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The Border collie is a working herding dog breed that is also the world’s most intelligent breed overall, and Border collies are still used as farm dogs within working roles all over the UK and further afield. Border collies are also great at all types of canine sports, including flyball, agility and obedience, and they’re very versatile and able to learn a wide range of different commands and execute a vast number of skills when trained to do so.
They also make for popular pets, although many first-time Border collie owners significantly underestimate the amount of exercise that dogs of the breed require. Border collies are energetic and really smart dogs that are unmatched in terms of their potential abilities, and that are a great choice of pets for people who want a highly intelligent dog that can do a lot of different things.
However, if you are thinking of buying or adopting a Border collie, there is one thing about the breed that you should know – a significant amount of Border collies (around three quarters of all dogs of the breed, by some estimates) are sensitive to a specific antiparasitic agent called Ivermectin, which is commonly used as a wormer in a wide variety of different animals including dogs.
Ivermectin sensitivity can cause an acute and dangerous adverse reaction in dogs that are intolerant of it, and Ivermectin should never be used as a wormer for Border collies for this specific reason. This is something that your vet will already know, and may have explained to you when choosing the right wormer for your dog – but if you are wondering why Border collies are sensitive to Ivermectin and if there is any way to find out whether or not your dog is one of them, this article is for you.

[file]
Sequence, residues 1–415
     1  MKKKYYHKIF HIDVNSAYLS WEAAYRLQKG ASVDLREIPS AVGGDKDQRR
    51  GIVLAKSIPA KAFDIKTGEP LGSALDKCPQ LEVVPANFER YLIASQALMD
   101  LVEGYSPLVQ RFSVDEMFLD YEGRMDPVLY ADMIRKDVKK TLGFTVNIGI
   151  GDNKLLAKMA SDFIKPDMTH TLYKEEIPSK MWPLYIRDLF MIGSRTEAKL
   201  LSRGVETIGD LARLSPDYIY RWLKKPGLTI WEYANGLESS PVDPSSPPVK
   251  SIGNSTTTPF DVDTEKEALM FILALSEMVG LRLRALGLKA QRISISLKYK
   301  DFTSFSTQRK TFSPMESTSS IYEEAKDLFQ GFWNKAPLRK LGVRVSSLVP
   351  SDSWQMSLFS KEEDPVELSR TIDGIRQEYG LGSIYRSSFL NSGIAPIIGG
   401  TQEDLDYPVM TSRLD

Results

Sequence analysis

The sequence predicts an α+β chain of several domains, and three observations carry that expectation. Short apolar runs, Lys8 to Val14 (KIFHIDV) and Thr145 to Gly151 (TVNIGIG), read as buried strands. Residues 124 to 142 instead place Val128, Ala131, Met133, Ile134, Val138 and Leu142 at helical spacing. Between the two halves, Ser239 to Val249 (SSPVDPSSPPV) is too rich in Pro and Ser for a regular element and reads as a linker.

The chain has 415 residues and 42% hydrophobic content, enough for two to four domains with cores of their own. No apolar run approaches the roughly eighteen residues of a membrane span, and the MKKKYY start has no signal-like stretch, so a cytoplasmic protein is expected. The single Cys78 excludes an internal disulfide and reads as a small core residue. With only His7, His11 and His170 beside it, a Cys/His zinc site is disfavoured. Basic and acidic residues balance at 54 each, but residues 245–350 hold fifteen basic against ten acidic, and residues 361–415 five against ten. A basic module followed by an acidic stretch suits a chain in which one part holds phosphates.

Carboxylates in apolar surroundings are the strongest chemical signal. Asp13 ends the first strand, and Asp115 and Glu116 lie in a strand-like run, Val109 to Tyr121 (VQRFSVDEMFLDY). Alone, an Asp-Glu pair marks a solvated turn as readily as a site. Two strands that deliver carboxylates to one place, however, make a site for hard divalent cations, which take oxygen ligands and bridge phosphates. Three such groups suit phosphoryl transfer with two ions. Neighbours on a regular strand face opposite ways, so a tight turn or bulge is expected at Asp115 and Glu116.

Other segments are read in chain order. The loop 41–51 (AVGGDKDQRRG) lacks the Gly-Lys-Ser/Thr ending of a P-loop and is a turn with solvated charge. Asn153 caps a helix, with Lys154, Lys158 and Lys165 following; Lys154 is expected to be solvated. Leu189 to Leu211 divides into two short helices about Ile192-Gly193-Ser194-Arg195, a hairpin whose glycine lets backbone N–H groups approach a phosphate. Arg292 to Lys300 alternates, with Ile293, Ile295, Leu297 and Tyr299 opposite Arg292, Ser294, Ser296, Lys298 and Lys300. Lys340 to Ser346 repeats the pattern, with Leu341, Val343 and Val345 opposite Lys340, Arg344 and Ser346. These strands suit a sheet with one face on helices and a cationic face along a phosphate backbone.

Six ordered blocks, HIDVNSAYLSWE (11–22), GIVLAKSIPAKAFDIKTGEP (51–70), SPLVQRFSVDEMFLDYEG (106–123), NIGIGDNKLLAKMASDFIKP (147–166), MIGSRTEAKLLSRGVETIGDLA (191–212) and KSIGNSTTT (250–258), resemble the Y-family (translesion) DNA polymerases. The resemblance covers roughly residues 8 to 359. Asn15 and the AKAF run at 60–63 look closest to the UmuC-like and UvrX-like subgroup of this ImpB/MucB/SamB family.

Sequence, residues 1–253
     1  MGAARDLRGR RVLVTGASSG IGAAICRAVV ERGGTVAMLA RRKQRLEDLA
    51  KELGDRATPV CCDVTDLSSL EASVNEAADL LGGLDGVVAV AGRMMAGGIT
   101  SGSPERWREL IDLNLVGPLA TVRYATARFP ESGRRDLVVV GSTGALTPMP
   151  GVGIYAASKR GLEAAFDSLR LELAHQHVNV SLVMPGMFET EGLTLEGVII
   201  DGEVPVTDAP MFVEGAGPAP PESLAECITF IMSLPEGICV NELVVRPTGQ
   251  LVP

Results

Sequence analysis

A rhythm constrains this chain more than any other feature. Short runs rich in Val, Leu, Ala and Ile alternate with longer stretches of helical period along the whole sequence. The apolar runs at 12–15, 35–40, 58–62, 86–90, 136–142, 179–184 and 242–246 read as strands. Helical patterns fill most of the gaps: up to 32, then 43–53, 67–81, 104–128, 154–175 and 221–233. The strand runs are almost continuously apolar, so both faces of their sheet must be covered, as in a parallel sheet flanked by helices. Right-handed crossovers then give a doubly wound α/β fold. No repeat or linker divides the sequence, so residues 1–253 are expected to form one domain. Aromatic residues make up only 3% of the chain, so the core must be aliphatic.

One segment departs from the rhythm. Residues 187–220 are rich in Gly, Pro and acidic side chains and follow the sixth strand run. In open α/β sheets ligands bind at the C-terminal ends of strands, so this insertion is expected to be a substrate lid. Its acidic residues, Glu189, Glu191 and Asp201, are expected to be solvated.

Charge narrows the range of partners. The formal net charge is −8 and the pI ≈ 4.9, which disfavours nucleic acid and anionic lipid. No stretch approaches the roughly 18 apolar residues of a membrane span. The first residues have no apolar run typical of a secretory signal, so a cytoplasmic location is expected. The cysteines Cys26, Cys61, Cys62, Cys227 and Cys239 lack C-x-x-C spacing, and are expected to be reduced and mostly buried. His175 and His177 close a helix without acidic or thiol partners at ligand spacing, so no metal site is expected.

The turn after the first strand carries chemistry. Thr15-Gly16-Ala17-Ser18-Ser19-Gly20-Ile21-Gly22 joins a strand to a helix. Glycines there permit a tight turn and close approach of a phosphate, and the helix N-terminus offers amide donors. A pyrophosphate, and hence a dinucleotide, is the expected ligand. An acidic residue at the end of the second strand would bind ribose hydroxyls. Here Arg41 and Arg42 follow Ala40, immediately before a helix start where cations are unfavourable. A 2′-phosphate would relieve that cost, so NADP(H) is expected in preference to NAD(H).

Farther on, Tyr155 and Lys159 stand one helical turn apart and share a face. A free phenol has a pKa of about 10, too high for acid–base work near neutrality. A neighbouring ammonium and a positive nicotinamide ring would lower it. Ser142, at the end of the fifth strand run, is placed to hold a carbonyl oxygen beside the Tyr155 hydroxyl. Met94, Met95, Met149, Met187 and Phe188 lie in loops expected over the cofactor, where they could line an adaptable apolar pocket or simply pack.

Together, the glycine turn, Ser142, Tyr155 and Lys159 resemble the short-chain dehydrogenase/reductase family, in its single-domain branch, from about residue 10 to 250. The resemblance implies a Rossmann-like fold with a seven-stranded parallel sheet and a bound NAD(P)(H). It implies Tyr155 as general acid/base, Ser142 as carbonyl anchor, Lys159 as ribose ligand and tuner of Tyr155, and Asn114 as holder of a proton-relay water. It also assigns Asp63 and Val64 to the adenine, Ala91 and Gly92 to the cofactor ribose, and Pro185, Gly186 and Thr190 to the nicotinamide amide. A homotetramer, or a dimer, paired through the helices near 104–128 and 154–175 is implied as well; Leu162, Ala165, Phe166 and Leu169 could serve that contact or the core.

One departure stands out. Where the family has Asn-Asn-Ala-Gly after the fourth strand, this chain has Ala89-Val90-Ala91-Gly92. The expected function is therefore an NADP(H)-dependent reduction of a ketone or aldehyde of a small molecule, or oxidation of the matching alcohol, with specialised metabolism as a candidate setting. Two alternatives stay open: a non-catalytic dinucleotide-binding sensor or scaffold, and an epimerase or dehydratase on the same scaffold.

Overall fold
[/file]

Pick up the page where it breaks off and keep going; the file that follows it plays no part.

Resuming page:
Read on to find out why many Border collies suffer from Ivermectin sensitivity, and what this means for them.
Ivermectin is a type of anthelmintic or antiparasitic agent that is used in many animals (including livestock, horses, birds, small mammals and dogs) as a wormer. Ivermectin works as a wormer by affecting parasites on a cellular level, filling their cells with chloride, which is highly toxic in high enough doses and so, kills and eradicates worms from the body.
Ivermectin is safe for the animals that it is used to treat because the receptor cells in the animals that we use Ivermectin for don’t permit dangerous amounts of chloride through to bind with the body’s cells as they have different types of receptors, meaning that it kills parasites without harming the host animal.
However, dogs do have receptor cells in their brains that can bind with Ivermectin to cause the same type of toxic response achieved in parasites, but this does not occur in most dogs because there is a membrane in place protecting the brain itself, called the blood-brain barrier.
Many Border collies possess a specific gene mutation (called MDR1) that results in a fault in the blood-brain barrier, which would otherwise stop the harmful agents within Ivermectin entering the brain and binding with the cells there to create toxicity.
Because a significant amount of Border collies possess this MDR1 gene mutation, Ivermectin can be very dangerous for them – and for dogs of mixed breeds with Border collie ancestry. Because many working farm dogs and other non-pedigree herding dogs have some Border collie ancestry too, Ivermectin is generally not used for any working herding dog types.
If your Border collie has the MDR1 gene mutation, they are apt to react badly to Ivermectin if this is given to them as a wormer, and it can make them quite sick. If a Border collie with Ivermectin sensitivity is given Ivermectin, they may display a range of symptoms, including:
Ivermectin sensitivity in the Border collie can usually be treated if diagnosed quickly and managed appropriately, but treatment must be sought promptly and is not successful in every case if left too late.
Your vet will certainly know that most Border collies should not be given Ivermectin, and you should not give your dog any off-the-shelf worming product or something you have chosen or bought from elsewhere without your vet’s approval.
If your Border collie has been given Ivermectin, contact your vet immediately (even if your dog appears fine) as your vet will want to monitor them to ensure that there are no ill effects.
If you keep your Border collie as a pet or working dog and don’t intend to breed from them, simply ensuring that they are not given Ivermectin should be sufficient to play it safe. It is best to assume your Border collie will be sensitive unless you know otherwise, as so many dogs of the breed are.
However, there is a DNA test for Ivermectin sensitivity in the Border collie that you might want to consider undertaking on breeding stock if you wish to breed from your Border collie, and you can find out more about it here.
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